• The cost of repairing pavements damaged by illegal parking: this has been estimated to cost in the region of £234m a year and that does not include the cost of policing, installing bollards and other devices to stop vehicles parking illegally or the cost of compensation claims for trips and falls caused by this damage.

The simple inconvenient fact is that it is 18% cheaper to run a car now than twenty years ago. This shows that “the motorist”, far from being unfairly taxed, is being heavily subsidised by the non-motoring tax payers. So it is motorists that are the free loaders on Britain’s roads, not the long suffering cyclists and pedestrians.

Now I really must get back to filling out my tax return, if only I could get a rebate for not owning a car …

Green Taxes

Green Taxes

So the Tories are proposing a move towards more environmental taxes, based on the principle the polluter pays. Now I am all in favour of increasing environmental taxes and reducing direct taxation, but can we trust the Tories on this one? After all this is a party whose leader cycles to work to show his green credentials, but then has an aide driving a car with a change of clothes and his papers. As someone who also cycles to work, I have always managed to carry all I need in panniers or a rucksack. (Indeed I managed to carry all I needed for a weekend away in two panniers, but I digress). Where did they get these new policies from? Well, it appears that they copied them from the Liberal Democrats, nothing new there then.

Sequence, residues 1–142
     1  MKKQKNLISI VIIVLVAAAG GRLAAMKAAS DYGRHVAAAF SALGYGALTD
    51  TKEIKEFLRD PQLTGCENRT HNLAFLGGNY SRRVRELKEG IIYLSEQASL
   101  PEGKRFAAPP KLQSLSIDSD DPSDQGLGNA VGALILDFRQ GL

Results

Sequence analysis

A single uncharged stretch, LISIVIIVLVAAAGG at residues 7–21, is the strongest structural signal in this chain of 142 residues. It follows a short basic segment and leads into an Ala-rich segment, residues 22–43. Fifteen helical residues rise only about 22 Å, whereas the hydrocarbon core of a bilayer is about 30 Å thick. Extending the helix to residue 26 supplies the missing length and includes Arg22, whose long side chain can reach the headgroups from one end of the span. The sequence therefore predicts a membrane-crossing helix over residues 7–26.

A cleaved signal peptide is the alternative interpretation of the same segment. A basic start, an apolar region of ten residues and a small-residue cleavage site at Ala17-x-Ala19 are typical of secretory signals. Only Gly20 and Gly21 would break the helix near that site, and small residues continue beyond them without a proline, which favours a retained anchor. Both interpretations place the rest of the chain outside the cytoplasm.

Changes in tax aimed at changing behaviour require political bravery and strong leadership, do we have such politicians? The current evidence is that we don’t. When it was proposed that Edinburgh should have a £2 congestion charge during rush hour (it wasn’t even going to be for the whole day) the politicians bucked at the first squeal from motoring groups. Even though all the evidence from other cities which have such a charge is that it has been successful, I have often heard car drivers claim that they have more right to the road because they pay road tax. But if they had to pay the real cost of their road usage in a tax based on the damage they do they would be quickly looking for other forms of transport. So long as the cost is paid for from general taxation it will remain hidden. The money raised from Vehicle Excise Duty (it is not road tax) is only a small fraction of the cost of maintaining the road system and not counting the environmental cost.